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One Woman’s Memories of Baking with Her Mom

Photo by cottonbro from Pexels

There isn’t much in life that we remember more than the smell of baked goods. Think about walking into your grandmother’s home during the holidays. The smell takes over the air. 

My grandmothers always had some sort of goodies waiting for us when we entered their homes. For me, baking during the holidays with my mom was a huge part of my life. Baking wasn’t just about the food. It was more about the memories made as we laughed and threw things in the oven.

My mom didn’t like to put me in charge of the tough things. She usually stuck me with chocolate-covered pretzels or easy-bake cookies. She didn’t trust me very much. She was in charge of the pralines and tough cakes. I loved to make a mess, too. My mom passed away when I was 19, but I remember our last Christmas together she helped me make some of that tough stuff. Those memories are some of the most special times with my mother.

Memories of My Mom

We made cookies from scratch. She loved to walk into a room with a plate of cookies. It didn’t matter if it was holiday time. We poured out the flour together. After it was mixed with water, I loved to pat it, making it fluff into the air. I ended up with flour all over my apron and my clothing. 

Those cookies didn’t stand a chance, but my mom knew it was more about making memories. Her cookies were always these perfect little creatures, while mine looked like aliens. As long as they tasted good, that’s all that mattered to us.

We shared stories as we baked in the kitchen. We didn’t just make those cookies. We whipped up those pralines, chocolate covered pretzels, divinity, and fresh fudge. She told me all about cooking with her mom and grandmother growing up. 

We had the best laugh because my dad’s mom was the worst cook in the world. She only knew “off” and “burn” on her oven. We didn’t look forward to her pie at Christmas. My mom’s mom taught her to make the best red velvet cake in the world. We knew these desserts were way too many for our little family, but we didn’t care. We would probably end up sharing them with the entire neighborhood.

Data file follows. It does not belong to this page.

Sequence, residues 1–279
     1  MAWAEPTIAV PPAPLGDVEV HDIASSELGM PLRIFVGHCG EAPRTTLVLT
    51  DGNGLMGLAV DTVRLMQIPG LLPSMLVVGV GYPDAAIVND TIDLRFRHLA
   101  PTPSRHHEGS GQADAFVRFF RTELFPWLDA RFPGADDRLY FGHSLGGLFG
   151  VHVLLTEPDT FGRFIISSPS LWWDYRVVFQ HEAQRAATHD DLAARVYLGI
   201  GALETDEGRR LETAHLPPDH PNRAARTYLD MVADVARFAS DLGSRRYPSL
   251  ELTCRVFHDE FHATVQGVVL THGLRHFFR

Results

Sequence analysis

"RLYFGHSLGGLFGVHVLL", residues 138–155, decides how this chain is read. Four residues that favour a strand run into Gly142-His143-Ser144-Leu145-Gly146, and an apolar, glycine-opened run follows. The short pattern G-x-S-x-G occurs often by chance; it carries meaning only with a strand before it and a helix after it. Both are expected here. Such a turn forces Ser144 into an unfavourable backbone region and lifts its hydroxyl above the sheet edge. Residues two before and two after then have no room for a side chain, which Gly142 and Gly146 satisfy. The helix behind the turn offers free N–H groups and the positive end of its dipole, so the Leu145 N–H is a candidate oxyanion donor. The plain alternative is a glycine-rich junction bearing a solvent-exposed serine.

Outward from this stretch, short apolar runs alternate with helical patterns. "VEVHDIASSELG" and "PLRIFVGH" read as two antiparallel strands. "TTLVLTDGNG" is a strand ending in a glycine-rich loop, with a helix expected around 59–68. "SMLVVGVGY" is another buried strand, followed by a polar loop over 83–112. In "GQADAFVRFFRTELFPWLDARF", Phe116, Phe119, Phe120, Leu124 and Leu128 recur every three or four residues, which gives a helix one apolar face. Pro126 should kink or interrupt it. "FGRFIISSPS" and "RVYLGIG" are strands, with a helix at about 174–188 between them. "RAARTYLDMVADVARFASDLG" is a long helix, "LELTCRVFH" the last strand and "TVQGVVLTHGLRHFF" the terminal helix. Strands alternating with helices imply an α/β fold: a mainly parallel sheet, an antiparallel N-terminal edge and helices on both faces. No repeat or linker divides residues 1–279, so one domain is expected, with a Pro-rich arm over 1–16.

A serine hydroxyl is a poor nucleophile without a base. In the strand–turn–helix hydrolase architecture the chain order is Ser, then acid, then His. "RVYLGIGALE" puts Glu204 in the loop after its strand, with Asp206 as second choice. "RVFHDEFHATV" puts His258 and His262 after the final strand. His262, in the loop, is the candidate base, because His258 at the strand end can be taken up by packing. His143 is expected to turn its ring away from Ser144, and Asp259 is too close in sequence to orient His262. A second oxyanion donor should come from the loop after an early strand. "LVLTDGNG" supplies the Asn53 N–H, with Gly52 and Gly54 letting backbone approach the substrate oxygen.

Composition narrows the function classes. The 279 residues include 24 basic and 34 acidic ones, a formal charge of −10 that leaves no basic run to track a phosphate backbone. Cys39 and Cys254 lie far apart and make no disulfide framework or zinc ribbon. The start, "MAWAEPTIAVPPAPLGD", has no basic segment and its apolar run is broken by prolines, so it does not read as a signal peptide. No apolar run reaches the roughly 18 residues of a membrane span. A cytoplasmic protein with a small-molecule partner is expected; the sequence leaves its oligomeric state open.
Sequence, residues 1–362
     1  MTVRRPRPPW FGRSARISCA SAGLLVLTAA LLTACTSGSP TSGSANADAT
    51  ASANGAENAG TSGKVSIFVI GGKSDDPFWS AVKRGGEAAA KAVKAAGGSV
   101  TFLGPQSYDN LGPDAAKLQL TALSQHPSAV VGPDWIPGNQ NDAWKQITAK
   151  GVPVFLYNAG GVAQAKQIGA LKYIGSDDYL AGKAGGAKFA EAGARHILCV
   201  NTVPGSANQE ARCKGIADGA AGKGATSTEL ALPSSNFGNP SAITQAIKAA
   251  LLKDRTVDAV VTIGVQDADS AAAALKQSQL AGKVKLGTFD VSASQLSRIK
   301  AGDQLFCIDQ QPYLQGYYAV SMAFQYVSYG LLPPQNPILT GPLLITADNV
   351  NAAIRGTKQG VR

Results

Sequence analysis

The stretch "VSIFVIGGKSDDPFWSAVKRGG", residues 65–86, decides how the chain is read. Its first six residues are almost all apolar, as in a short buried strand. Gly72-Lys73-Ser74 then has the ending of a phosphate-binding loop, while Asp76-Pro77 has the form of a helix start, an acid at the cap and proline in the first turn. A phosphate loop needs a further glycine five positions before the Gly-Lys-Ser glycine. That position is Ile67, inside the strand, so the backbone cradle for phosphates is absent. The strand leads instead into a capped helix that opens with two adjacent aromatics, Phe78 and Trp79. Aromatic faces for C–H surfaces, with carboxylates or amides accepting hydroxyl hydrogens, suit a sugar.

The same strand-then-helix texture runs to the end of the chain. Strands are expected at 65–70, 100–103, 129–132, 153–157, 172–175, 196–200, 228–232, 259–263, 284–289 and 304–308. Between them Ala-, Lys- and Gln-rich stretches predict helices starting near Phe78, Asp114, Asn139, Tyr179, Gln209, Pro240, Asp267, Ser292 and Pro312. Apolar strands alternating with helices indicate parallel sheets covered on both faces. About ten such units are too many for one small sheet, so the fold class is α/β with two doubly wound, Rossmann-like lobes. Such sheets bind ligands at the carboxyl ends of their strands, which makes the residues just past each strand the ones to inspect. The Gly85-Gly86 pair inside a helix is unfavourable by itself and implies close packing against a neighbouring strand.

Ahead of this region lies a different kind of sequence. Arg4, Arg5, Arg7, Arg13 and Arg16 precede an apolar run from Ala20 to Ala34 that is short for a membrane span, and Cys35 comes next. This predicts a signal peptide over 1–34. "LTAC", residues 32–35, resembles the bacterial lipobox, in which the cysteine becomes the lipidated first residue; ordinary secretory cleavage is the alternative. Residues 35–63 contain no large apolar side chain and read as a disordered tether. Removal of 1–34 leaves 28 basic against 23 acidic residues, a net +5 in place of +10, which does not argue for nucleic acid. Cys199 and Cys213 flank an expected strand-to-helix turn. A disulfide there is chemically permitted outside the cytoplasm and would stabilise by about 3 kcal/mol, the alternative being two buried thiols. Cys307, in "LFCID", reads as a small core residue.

Our cookies came out of the oven, fluffy and ready to eat. They were perfectly buttery on the outside with a soft center. We made homemade icing for the top. Of course, mine were thrown together. The decorations on top of each cookie didn’t look artistic at all. My mom was able to make all sorts of beautiful creations. We threw on some sprinkles and other toppings. 

My mother loved to teach me her baking and cooking skills. She knew I wasn’t ever going to be the perfect homemaker. I didn’t realize we were making memories at the time. I thought I was just learning something for the future. Many times I would roll my eyes at the thought of having to learn another trick in the kitchen. She knew what she was doing. The best part of learning these tricks was sharing the results with loved ones. We shared those crazy cookies, cakes, and other baked goods. We shared the love and smiled as people enjoyed our food. That’s what it’s all about. No one cared that my strange looking creatures weren’t pieces of art. They sure did taste yummy.

Making New Memories

Now when I walk into my mother-in-law’s kitchen and smell something baking, I smile. We teach my boys how to bake cookies. The little boys leave the tough stuff up to us. They just love to pour on the sprinkles and slather the icing on top before they dig into the cookies. 

My mother would smile at the little baker I am today. I’ll never be the same as her, but I will enjoy sharing these times with my little boys. Love is the best recipe in the world. 

I never knew as that teenager baking cookies that one day I would be teaching my own children these things. They’ll look back and realize they were making memories instead of actually learning to bake.

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